Except for this one country, all those who lived across Ocean were exceedingly fortunate. In the remotest North, so far away it was at the back of the North Wind, was a blissful land where the Hyperboreans lived. Only a few stranger, great heroes, had ever visited it. Not by ship, nor yet of foot might this land be found. But The Muses lived not far from them, such were their ways On Ocean's bank, too, was the abode of the blessed dead. In that land, there was no snowfall nor much winter nor any storm of rain; but from Ocean the West Wind sang soft and thrillingly to refresh the souls of men. This place was the place that all men who kept themselves pure from all wrong cam after leaving the mortal earth.

One account of the creation of mankind follows the thoughts that it was Zeus (the gods themselves) that created mankind in five stages - The Five Ages of Man, the other account of the creation of mankind follows that of Prometheus and Epimetheus.

The two stories may differ in their accounts, but they do agree on one single point. For a long time, certainly throughout the happy Golden Age, only men were upon the earth; no women. Zeus created these later (Pandora), in his anger at Prometheus caring so much for men.

The Destruction of Mankind. Gradually man became so brazen and wicked, that Zeus decided to destroy the whole of mankind, and start again. This destruction was to take the form of a vast immeasurabe flood, all but a few of mankind would be spared....

The only child of Prometheus, Deucalion and his wife Pyrrha, the daughter of Epimetheus, were told by Prometheus to build themselves an ark and to stock it well with provisions. The Zeus sent down a tremendous rain that flooded the land to the heights of the mountains, leaving only the top of Mount Parnassus dry. For nine days and nine nights the ark of Deucalion drifted until it landed on Parnassus. When the rain ceased Deucalion stepped forth on the mountain and mad sacrifice to Zeus for the safe delivery of his wife and the ark to dry land. Zeus sent Hermes to ask Deucalion what his desire was. Deucalion replied that he wished the earth to be replenished with men. Zeus then directed the pair to cast stones behind them; the stones which Deucalion cast became men, and those that his wife cast became women.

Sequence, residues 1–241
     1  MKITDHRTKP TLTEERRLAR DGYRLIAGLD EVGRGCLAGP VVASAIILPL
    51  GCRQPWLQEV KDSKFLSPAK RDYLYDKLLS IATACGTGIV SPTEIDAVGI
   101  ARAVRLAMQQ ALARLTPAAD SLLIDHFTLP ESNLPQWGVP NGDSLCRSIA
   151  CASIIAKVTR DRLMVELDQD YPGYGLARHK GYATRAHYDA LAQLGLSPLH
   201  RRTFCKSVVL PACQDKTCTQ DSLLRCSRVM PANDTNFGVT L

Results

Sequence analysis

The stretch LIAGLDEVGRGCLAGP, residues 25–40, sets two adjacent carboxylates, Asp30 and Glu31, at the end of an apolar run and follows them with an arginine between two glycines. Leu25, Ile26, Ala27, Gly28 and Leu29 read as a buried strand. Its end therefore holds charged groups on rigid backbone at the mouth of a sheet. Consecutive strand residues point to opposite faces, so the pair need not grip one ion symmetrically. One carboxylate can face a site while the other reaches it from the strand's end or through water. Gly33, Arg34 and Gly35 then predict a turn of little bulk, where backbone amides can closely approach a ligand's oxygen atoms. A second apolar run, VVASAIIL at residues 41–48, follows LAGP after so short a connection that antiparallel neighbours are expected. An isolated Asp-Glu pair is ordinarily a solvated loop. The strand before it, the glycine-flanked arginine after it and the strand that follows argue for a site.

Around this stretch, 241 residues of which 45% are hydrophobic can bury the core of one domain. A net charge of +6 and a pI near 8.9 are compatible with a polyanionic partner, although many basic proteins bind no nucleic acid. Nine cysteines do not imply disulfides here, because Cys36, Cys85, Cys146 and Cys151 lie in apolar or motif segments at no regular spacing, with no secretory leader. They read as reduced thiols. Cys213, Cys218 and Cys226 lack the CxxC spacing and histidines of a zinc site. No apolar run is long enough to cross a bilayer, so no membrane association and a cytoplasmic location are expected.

Deucalion and Pyrrah were the parents of Hellen, one of the primitive ancestors of all of the Greeks, after whom they were known as the Hellenes, and from whom the word Hellenic comes. Hellen was the father of Dorus, Aeolus and Xuthus; Xuthus had two sons, Achaeus and Ion. From these names we derive some of the familliar names for the Greeks, such as as Dorians and Achaeans, as well as such adjectives as Doric and Ionic. It will readily be seen that these primitive heroic figures are of geographic significance. Among their descendants are the famous heroes of Greek legend.

The Five Ages of Man

The Golden Age